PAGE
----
- Common foreign and security policy
"I am a staunch defender of national sovereignty and the right of Member States to hold the reins over their own foreign policy and defence, acting in their own national interests. But this does not mean that the United Kingdom – my country – cannot support a common foreign security policy of the EU where it adds clear value.
The European Union is a powerful bloc of liberal democracies. Although our domestic politics may differ substantially, in our dealings with the outside world our similarities are usually more evident and outweigh our differences. Lady Ashton, your recent achievement in bringing together the Kosovo and Serbian leaders in their landmark agreement demonstrates the potential for a CFSP at its best, particularly given the fact that the EULEX mission in Kosovo was very helpful in re-establishing the rule of law. The EU training missions in Uganda and Mali are also particular successes, as is the EU-NAVFOR Atalanta mission, which has done so much in the Indian Ocean to reduce piracy off the coast of Somalia.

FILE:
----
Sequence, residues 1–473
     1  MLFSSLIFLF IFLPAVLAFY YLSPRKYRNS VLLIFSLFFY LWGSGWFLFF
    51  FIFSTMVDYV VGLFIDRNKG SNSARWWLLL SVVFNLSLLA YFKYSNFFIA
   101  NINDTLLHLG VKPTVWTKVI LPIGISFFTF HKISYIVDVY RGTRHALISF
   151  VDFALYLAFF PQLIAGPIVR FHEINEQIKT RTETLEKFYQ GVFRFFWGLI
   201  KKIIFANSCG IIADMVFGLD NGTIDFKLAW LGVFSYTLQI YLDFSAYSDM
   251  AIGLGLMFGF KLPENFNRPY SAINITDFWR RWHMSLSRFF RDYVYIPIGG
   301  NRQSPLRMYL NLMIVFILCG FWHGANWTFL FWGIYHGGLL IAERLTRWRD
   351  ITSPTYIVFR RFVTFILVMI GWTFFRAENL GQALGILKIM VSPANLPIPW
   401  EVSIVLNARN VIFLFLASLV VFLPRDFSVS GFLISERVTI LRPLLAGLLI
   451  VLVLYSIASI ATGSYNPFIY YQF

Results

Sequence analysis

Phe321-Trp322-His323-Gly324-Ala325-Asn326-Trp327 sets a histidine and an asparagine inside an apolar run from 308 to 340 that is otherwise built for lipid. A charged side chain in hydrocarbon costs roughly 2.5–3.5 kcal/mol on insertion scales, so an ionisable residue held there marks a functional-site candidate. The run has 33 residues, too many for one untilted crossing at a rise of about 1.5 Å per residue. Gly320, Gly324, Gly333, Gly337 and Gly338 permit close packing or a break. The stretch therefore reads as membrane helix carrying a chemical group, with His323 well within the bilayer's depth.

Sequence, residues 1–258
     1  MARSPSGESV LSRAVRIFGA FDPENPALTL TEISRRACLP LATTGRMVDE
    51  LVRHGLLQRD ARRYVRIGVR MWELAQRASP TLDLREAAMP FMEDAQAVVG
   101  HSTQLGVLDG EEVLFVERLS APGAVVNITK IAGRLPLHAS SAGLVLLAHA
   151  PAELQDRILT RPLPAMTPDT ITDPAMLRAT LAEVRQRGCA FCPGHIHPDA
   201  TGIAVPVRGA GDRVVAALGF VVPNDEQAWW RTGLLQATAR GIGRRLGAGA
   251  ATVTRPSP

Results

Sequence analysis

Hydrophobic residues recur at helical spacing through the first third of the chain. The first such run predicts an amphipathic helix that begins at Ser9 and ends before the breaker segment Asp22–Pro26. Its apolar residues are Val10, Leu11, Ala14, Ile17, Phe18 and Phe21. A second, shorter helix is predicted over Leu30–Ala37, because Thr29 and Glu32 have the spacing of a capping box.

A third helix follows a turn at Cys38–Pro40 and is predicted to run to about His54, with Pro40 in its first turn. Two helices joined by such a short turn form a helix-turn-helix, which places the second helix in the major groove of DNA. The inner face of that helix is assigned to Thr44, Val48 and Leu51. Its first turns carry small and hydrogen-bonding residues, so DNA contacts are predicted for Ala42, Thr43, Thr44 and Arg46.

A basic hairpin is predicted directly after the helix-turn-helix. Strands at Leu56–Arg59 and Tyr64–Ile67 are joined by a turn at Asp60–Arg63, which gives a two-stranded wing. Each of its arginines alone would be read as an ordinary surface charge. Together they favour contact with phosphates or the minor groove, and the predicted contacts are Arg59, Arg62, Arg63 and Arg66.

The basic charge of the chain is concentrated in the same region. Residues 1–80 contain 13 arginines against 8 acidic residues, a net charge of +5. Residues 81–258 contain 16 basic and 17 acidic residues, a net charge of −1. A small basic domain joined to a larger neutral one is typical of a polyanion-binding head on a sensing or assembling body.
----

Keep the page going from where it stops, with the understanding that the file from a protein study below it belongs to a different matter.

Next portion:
As rapporteur both for the Horn of Africa and for the human rights report on the Sahel, which went through this week in the House, I hear first hand from regional actors how valued the EU contribution is and how effective we can be when we coordinate our soft and hard power strategies. This applies to sticks as well as carrots, as evidenced by the EU-led sanctions now forcing President Rouhani of Iran to the negotiating table, and to the blacklisting of Hezbollah, which sends the right message about terrorism internationally.